Geomagnetic activity nowcast - short explanation - suomeksi

This is an empirical method based on near-real time solar wind observations and ground magnetometer data.

Solar wind data

The US Advanced Composition Explorer (ACE) observes solar wind parameters the Lagrange 1 libration point which is a point of Earth-Sun gravitational equilibrium about 1.5 million km from Earth and 148.5 million km from the Sun. We use near-real time data of ACE provided by the NOAA/Space Weather Prediction Center.

We use 1-minute data of the latest hour of the interplanetary magnetic field (IMF) Bz (northward component) and solar wind velocity and proton density. We apply the following criteria to estimate solar wind activity based on the hourly average:

activity description % IMF Bz (nT) velocity (km/s) density (1/cm3)
extreme 2.8 -7.4 667 18.2
very high 5.3 -4.9 602 12.6
high 9.3 -3.4 532 9.1
increased 40.5 -1.2 393 4.1
quiet 42.1 larger than -1.2 smaller than 393 smaller than 4.1

This is a simplified version of the corresponding table for the ground magnetic field. The parameter limits are based on data of 1996-2011. Example: if the average value of the solar wind velocity of the latest hour is 500 km/s then activity is at the "increased" level. Note: we consider that only negative IMF Bz may indicate activity. So all positive Bz values correspond to a quiet level. However, if the velocity of the solar wind is high then there may be geomagnetic activity even with positive Bz.

Since we use near-real time data in an automatic routine, there is no strict control of possibly erroneous values. The number of available 1-minute values of the latest hour may be less than 60.

Ground magnetic field

We use twelve IMAGE magnetometer stations with a real-time access. We consider the range (RX) of the north component of the magnetic field (BX). RX is simply defined by RX = max(BX)-min(BX), and is given in nT. In the forecast service, we calculate RX for 1-hour sequences.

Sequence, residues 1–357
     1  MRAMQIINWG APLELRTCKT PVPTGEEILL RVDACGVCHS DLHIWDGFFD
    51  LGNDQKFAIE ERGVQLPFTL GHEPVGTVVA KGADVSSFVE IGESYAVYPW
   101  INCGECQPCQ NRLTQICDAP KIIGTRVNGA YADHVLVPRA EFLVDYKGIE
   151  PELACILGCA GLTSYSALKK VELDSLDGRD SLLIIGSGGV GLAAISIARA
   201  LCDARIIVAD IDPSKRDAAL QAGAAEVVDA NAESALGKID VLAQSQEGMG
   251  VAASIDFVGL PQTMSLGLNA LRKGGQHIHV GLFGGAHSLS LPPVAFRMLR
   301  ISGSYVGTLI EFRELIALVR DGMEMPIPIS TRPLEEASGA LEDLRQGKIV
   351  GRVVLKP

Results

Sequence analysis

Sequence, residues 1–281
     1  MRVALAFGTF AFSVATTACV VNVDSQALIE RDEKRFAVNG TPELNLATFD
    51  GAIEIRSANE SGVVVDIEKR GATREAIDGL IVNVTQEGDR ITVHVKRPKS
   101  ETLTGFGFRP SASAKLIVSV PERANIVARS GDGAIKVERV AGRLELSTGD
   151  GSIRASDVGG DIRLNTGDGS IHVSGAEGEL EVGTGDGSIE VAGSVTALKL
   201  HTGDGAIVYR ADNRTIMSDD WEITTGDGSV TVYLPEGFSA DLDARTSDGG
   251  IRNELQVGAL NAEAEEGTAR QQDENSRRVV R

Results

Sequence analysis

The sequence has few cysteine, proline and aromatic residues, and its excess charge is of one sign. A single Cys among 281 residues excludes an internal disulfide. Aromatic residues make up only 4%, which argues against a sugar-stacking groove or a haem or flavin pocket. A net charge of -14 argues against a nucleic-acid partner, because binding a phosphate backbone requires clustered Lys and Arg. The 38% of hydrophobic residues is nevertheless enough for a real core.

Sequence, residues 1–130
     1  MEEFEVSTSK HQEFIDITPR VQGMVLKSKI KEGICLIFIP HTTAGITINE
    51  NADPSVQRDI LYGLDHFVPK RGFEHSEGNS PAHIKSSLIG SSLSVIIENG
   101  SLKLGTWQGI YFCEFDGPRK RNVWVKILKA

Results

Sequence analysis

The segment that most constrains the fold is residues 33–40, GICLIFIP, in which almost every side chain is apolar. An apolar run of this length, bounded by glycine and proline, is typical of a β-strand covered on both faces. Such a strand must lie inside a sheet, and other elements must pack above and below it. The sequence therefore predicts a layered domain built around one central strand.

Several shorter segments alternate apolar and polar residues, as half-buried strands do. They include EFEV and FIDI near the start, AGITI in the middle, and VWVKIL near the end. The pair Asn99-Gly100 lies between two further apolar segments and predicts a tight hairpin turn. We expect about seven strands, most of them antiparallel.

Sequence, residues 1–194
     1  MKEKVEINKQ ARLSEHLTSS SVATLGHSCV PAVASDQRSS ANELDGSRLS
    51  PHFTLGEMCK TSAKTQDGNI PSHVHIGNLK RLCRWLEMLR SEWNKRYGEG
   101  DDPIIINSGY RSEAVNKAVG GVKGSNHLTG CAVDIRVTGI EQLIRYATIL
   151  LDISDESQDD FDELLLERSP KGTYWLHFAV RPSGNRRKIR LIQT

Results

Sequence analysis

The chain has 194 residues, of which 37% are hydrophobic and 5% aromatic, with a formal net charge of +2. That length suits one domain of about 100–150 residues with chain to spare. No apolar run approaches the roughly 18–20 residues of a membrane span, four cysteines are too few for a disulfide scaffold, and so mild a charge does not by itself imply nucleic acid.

We characterise the magnetic activity level following the NOAA space weather scale for geomagnetic storms. The original definition is based on the number of storm events when a given level of the 3-hour Kp index is met during a solar cycle (11 years). This leads to the following percentages:

scale descriptor number %
G5 extreme 4 0.012
G4 severe 100 0.31
G3 strong 200 0.62
G2 moderate 600 1.9
G1 minor 1700 5.3
G0+ active 3000 9.3
G0 unsettled 13000 40.5
G0- quiet 13516 42.1

The total number of 3-hour sequences in 11 years is 32120. NOAA defines scales G1-G5, and we have extended them downwards to less active non-storm events (G0-, G0, G0+). According to these selections, about 8% of all events belong to storms. Using the percentages of the last column, we then determine limits of RX corresponding to each scale at the selected IMAGE sites. The limits vary so that an equal disturbance as measured in nT may correspond to a higher activity class in southern Finland than in northern Finland.

Forecast of the magnetic activity level for the next hour is based on the average value of the solar wind magnetic field (IMF Bz) and velocity (V) of the latest hour. Using data of 1996-2011, we have derived a simple statistical relationship between RX and IMF Bz and V for each UT hour. We give the limits within which RX will be during the next hour at a 90% probability. In the historical data, RX has been smaller than the given lower limit in 5% of cases, and larger than the given upper limit in 5% of cases, respectively.

About interpretation

The forecast is produced automatically, so problems in recordings or data transfer may lead to missing or erroneous forecasts. The method tries to detect clear errors automatically, but there is still a risk of some bias. A rule of thumb is that the ground magnetic field is more variable during active solar wind conditions. The ground field is typically more variable in the north (Kilpisjärvi) than at the southern sites (Nurmijärvi and Hankasalmi), and the variability is larger during the night than daytime.

The most important solar wind parameter is the northward magnetic field (IMF Bz). Magnetic storms typically occur during negative enough IMF Bz. The solar wind velocity is also then generally large, but the importance of the density is smaller.

Feedback to ari.viljanen (at)